In our last Insight, we discussed AN-ACC Initial Assessments and Reassessments. The evidence is clear that providers need to focus on reassessing their residents, however, the process does not end there. The final step in managing your AN-ACC assessments is AN-ACC reconsideration requests.
What are they?
Reconsideration assessments can be requested by a provider who believes the classification outcomes from the AN-ACC assessment, either initial or reassessments, are not reflective of the resident’s care needs/acuity.
This could result from inaccurate or insufficient information about the resident’s actual care needs (documentation or from staff interviews) being presented to the assessor at the time of the visit. This is to be distinguished from a situation where there has been a further deterioration in resident function. In these cases, a reassessment request rather than a reconsideration request is required.
Reconsiderations are performed by a different assessor, usually from a different assessment management organisation. The classification outcome from the new assessment, if different, will replace the original classification outcome and have the same date of effect as the original classification.1
Looking at Numbers
Since December 2022, the Department has been providing data on reconsideration requests in their AN-ACC Dashboard updates.
As of 9 December 2022, 472 reconsideration requests had been lodged with just over 50% completed2. As of 13 January 2023, the number of reconsideration requests was 690 with around 71% completed3. This increase in completion rates indicates that the Department is keeping up with provider requests.
Say a provider identifies an increase in a resident’s care need. The resident is currently classified as a Class 5 and has been reclassified to a Class 2. The change in classification has resulted in a 20.9% drop in daily funding equating to $14,245.95 per annum*.
Without a reconsideration assessment, the provider will continue to receive this level of funding for the care that is continued to be delivered for the same resident. Whilst a reconsideration does not guarantee that the classification will return to the original level or higher, it allows the provider to have an opportunity to have the resident reassessed.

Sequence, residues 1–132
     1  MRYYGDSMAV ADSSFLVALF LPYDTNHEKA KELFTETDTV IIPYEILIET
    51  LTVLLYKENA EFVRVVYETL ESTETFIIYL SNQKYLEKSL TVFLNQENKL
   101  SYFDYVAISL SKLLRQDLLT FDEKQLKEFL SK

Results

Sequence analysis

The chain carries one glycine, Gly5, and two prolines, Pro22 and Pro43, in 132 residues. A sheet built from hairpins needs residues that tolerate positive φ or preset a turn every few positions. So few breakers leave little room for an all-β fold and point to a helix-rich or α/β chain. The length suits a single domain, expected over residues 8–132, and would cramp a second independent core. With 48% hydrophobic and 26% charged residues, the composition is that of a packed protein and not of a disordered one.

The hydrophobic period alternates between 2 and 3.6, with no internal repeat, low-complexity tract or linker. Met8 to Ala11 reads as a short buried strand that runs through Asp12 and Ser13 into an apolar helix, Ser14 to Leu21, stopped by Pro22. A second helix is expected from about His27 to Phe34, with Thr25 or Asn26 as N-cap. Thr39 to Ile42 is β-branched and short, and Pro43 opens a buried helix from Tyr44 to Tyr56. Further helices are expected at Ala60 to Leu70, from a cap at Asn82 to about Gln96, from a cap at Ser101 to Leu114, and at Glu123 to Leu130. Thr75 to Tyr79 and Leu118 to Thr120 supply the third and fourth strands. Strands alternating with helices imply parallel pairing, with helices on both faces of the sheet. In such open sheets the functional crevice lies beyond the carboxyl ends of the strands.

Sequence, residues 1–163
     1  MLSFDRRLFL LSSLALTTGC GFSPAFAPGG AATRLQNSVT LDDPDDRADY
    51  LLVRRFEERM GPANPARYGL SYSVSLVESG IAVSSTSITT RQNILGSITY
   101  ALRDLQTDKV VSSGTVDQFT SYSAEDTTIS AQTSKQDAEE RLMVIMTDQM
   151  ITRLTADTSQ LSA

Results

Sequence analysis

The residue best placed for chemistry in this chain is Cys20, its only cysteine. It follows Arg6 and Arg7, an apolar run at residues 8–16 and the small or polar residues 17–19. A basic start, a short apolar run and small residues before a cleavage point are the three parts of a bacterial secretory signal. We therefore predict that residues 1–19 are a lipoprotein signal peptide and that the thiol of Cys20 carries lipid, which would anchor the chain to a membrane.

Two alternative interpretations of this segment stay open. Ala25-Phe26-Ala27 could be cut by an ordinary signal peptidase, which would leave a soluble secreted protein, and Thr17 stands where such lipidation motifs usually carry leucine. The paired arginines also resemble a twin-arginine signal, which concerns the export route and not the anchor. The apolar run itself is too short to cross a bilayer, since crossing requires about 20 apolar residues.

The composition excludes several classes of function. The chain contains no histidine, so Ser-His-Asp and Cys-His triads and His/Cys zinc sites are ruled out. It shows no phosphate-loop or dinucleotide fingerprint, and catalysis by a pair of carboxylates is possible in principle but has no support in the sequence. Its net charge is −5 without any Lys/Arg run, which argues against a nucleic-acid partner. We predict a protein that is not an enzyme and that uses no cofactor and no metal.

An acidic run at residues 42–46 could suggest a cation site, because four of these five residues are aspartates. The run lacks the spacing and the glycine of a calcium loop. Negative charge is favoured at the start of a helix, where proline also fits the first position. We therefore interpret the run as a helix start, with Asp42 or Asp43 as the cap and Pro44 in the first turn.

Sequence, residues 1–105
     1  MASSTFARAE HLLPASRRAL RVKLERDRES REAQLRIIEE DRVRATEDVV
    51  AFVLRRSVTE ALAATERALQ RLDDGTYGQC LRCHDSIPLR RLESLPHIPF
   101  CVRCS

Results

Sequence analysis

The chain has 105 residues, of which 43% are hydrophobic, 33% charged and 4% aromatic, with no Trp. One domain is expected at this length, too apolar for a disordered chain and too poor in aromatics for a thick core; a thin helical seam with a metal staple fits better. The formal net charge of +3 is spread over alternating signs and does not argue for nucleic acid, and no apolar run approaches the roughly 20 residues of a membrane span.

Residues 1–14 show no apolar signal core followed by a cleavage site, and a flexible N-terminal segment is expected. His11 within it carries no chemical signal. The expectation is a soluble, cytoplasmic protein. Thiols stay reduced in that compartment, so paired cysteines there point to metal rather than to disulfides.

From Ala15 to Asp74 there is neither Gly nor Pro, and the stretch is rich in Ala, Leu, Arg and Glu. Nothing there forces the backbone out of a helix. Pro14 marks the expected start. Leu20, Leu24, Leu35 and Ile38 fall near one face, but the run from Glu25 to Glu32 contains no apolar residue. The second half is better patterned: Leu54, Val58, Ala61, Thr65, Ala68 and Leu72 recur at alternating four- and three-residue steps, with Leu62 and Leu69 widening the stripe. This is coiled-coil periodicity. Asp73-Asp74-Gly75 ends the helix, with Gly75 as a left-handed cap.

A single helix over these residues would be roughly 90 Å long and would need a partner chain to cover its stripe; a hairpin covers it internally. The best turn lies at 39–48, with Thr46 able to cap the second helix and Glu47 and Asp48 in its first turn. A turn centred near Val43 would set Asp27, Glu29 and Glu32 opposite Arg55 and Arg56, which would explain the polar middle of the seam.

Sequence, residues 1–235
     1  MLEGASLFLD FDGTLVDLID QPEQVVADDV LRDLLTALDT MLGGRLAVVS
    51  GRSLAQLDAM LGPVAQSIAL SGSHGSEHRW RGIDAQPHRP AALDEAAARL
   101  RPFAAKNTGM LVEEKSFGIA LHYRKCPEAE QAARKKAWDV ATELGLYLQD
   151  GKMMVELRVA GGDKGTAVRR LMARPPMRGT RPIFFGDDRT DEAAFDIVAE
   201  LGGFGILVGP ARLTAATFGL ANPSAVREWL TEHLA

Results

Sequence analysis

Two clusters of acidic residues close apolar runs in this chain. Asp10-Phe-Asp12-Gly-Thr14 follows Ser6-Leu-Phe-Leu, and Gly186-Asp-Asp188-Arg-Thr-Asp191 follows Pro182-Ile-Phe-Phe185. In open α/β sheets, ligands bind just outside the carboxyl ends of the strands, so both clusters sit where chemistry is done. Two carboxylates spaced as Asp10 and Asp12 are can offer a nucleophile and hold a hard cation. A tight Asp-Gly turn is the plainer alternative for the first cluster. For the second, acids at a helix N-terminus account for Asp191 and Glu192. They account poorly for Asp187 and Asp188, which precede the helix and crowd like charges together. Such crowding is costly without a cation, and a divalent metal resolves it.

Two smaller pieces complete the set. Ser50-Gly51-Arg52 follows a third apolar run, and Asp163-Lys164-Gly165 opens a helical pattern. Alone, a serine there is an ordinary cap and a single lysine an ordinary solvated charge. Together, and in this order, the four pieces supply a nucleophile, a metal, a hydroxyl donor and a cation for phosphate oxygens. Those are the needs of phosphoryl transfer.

As highlighted in the table above, any mismatch in AN-ACC classification relative to a resident’s care needs means the service is not being funded for the care provided. In today’s challenging aged care financial environment, underfunding care increases the risk of poor care outcomes or the viability and sustainability of the provider. Neither of these outcomes can be ignored.
In our last Insight, we explained how an organisation with low levels of false positives and false negative reviews will lead to better assessment outcomes. We can further build on that by:
There is a 28-day window from the notification of the assessment outcome to lodge a reconsideration request4. Within that period and until the assessment visit, providers should focus on the action items above.
How we can help
Fresh eyes bring fresh perspectives. As an external party, we bring fresh eyes. Our data driven approach gives us objective benchmarks to assess the confidence of individual providers’ assessments. If you are unsure whether you are maximising your AN-ACC funding, we can assist by:
1 Department of Health, 2022, Can I ask for an AN-ACC reclassification
2 Department of Health, 2022, AN-ACC Assessments Dashboard 09 December 2022
3 Department of Health, 2023, AN-ACC Assessments Dashboard 13 January 2023
4 Department of Health, 2022, AN-ACC Provider Process Map
* Assuming a resident in MMM 1-4